« Last Edit: April 21, 2017, 06:16:32 PM by jai mitchell »
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Re: Arctic sea ice changes: Natural variation vs human influence
« Reply #527 on: April 21, 2017, 06:01:49 PM »
It would be very difficult to expect an aerosol forcing component in the historical trend based on agricultural cycles.

however

there is more than a number of papers that have determined that the late period cycle could be driven by natural variability without a strong aerosol cloud effect in the tropics.

for example:

http://onlinelibrary.wiley.com/doi/10.1002/2016GL071337/abstract

Quote
we conclude that models need external forcing to explain the magnitude, timing, and apparent multidecadal frequency of the observed twentieth century AMO variability.
Well, aerosols would not have been the primary driver initially, it would have been albedo changes (forest -> cropland over the Middle East, Eastern Asia, Southern Europe, and parts of the Americas).

Perhaps slash and burn techniques would have contributed some token amount of aerosols, but that does not mean that temperature trends/climactic variability were not impacted, creating the initial see-saw mechanism that persists to this day.

I would think that aerosols further amplified the existing changes as primitive industrialization began ~4000-3000BC (look at the Pyramids!) with corresponding heavy industry that was very inefficient in terms of raw materials -> output (which pushed large amounts of aerosols into the atmosphere). This peaked with the Romans & Chinese in the first millennium AD, with those numbers only reached again ~1800-1850. While raw output may have been higher post-1800, emissions were still roughly equivalent until about 200 years ago due to the dirtiness of industry way back when.

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Re: Arctic sea ice changes: Natural variation vs human influence
« Reply #528 on: April 21, 2017, 06:18:46 PM »
please see my edit above:

It is impossible to determine these things without a strong explanation of the scale of early ag emission cycles.
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Re: Arctic sea ice changes: Natural variation vs human influence
« Reply #529 on: May 31, 2017, 01:16:28 PM »
I saw this article today on Phys.org that reminded me of this thread:

Quote
Researchers uncover a cause for early 20th century Arctic warming

Is a warmer Arctic a canary of global warming? Since the 1970s the northern polar region has warmed faster than global averages by a factor or two or more, in a process of 'Arctic amplification' which is linked to a drastic reduction in sea ice.

But then how to explain a similar rapid warming that occurred during the early 20th century, when the effects of greenhouse gases were considerably weaker than today? And what can we prove about the period, given the scarcity of usable data and observations prior to the 1950s?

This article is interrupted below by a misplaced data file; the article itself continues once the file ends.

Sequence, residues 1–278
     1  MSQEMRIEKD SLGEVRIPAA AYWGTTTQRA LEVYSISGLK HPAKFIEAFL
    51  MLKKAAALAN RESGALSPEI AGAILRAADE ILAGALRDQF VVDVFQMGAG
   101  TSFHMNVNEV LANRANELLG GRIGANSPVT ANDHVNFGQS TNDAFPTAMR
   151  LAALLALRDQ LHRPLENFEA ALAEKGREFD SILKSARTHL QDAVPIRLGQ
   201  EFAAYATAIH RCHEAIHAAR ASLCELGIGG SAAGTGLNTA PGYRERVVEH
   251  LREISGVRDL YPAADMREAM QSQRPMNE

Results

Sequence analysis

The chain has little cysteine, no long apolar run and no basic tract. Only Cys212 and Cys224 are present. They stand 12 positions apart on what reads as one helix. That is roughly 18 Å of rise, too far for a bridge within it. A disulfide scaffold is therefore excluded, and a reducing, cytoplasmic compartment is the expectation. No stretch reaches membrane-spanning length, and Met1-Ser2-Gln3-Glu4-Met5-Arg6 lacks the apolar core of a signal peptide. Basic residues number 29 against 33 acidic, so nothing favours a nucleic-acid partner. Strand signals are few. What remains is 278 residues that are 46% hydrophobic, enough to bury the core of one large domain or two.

Now scientists from Kyoto University and UC San Diego have discovered that this phenomenon occurred when the warming phase—'interdecadal variability mode'—of both the Pacific and Atlantic Oceans coincided. The team's findings appeared recently in the journal PNAS.

"We found that early 20th century sea surface temperatures in the tropical Pacific and North Atlantic had warmed much more than previously thought," explains lead author Hiroki Tokinaga of Kyoto.

"Using observations and model simulations, we've demonstrated that rising Pacific-Atlantic temperatures were the major driver of rapid Arctic warming in the early 20th century."

Previous explanations for early Arctic warming have including decreased volcanic aerosols and increased solar radiation, but none of these have been able to simulate observed conditions from the period.

Tokinaga's team found that when the interdecadal rise in sea surface temperatures was included in simulation calculations, the results properly reflected early Arctic conditions.

"Coupled ocean-atmosphere simulations also support the intensification of Arctic warming," continues Shang-Ping Xie of UCSD, "which was caused by a concurrent, cold-to-warm phase shift of Pacific and Atlantic interdecadal modes."

The researchers explain that these new findings can help constrain model climate projections over the Arctic region.

"It is likely that temperatures in the Arctic will continue to rise due to anthropogenic global warming," concludes Tokinaga. "Our study does not deny this. We are rather suggesting that Arctic warming could accelerate or decelerate due to internal variability of the Pacific and the Atlantic."

"It is a challenge to accurately predict when the next big swing of multidecadal variability will occur. Careful monitoring is essential, given the enormous impact on the Arctic climate."

Obviously the same Atlantic-Pacific simultaneous interdecadal variability mode hasn't been positive in the past 30-40 years, or we'd be hearing all about it. So, what happens when it does go positive?